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Read This Before You Buy Vectrus, Inc. (NYSE:VEC) Because Of Its P/E Ratio

Bryson Sharp

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This article is written for those who want to get better at using price to earnings ratios (P/E ratios). We’ll show how you can use Vectrus, Inc.’s (NYSE:VEC) P/E ratio to inform your assessment of the investment opportunity. Based on the last twelve months, Vectrus’s P/E ratio is 4.68. In other words, at today’s prices, investors are paying $4.68 for every $1 in prior year profit.

Check out our latest analysis for Vectrus

How Do I Calculate A Price To Earnings Ratio?

The formula for price to earnings is:

Price to Earnings Ratio = Share Price ÷ Earnings per Share (EPS)

Or for Vectrus:

P/E of 4.68 = $27.92 ÷ $5.97 (Based on the year to September 2018.)

Is A High Price-to-Earnings Ratio Good?

A higher P/E ratio means that investors are paying a higher price for each $1 of company earnings. That is not a good or a bad thing per se, but a high P/E does imply buyers are optimistic about the future.

How Growth Rates Impact P/E Ratios

Probably the most important factor in determining what P/E a company trades on is the earnings growth. Earnings growth means that in the future the ‘E’ will be higher. That means even if the current P/E is high, it will reduce over time if the share price stays flat. A lower P/E should indicate the stock is cheap relative to others — and that may attract buyers.

It’s nice to see that Vectrus grew EPS by a stonking 192% in the last year. And its annual EPS growth rate over 3 years is 31%. I’d therefore be a little surprised if its P/E ratio was not relatively high. Unfortunately, earnings per share are down 2.8% a year, over 5 years.

How Does Vectrus’s P/E Ratio Compare To Its Peers?

We can get an indication of market expectations by looking at the P/E ratio. We can see in the image below that the average P/E (20.8) for companies in the aerospace & defense industry is higher than Vectrus’s P/E.

NYSE:VEC Price Estimation Relative to Market, February 25th 2019

Vectrus’s P/E tells us that market participants think it will not fare as well as its peers in the same industry. While current expectations are low, the stock could be undervalued if the situation is better than the market assumes. You should delve deeper. I like to check if company insiders have been buying or selling.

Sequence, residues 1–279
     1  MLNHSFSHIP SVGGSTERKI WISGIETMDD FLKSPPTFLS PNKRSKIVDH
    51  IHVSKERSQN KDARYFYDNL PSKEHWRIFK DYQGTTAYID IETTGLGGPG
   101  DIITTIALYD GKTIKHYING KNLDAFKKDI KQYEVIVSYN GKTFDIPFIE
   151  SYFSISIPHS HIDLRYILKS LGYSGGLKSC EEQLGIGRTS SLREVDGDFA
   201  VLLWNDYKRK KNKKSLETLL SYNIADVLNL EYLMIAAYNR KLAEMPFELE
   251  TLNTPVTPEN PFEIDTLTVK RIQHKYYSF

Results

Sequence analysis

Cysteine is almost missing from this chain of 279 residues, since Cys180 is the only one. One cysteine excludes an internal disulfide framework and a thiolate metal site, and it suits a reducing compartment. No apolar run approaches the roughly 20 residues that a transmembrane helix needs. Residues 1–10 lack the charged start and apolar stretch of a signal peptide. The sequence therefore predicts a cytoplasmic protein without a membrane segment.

A Limitation: P/E Ratios Ignore Debt and Cash In The Bank

The ‘Price’ in P/E reflects the market capitalization of the company. Thus, the metric does not reflect cash or debt held by the company. Hypothetically, a company could reduce its future P/E ratio by spending its cash (or taking on debt) to achieve higher earnings.

Such spending might be good or bad, overall, but the key point here is that you need to look at debt to understand the P/E ratio in context.

Vectrus’s Balance Sheet

Vectrus has net debt worth 11% of its market capitalization. That’s enough debt to impact the P/E ratio a little; so keep it in mind if you’re comparing it to companies without debt.

The Bottom Line On Vectrus’s P/E Ratio

Vectrus trades on a P/E ratio of 4.7, which is below the US market average of 17.5. The EPS growth last year was strong, and debt levels are quite reasonable. If it continues to grow, then the current low P/E may prove to be unjustified.

Investors have an opportunity when market expectations about a stock are wrong. If it is underestimating a company, investors can make money by buying and holding the shares until the market corrects itself. So this free report on the analyst consensus forecasts could help you make a master move on this stock.

Of course, you might find a fantastic investment by looking at a few good candidates. So take a peek at this free list of companies with modest (or no) debt, trading on a P/E below 20.

We aim to bring you long-term focused research analysis driven by fundamental data. Note that our analysis may not factor in the latest price-sensitive company announcements or qualitative material.

If you spot an error that warrants correction, please contact the editor at editorial-team@simplywallst.com. This article by Simply Wall St is general in nature. It does not constitute a recommendation to buy or sell any stock, and does not take account of your objectives, or your financial situation. Simply Wall St has no position in the stocks mentioned. Thank you for reading.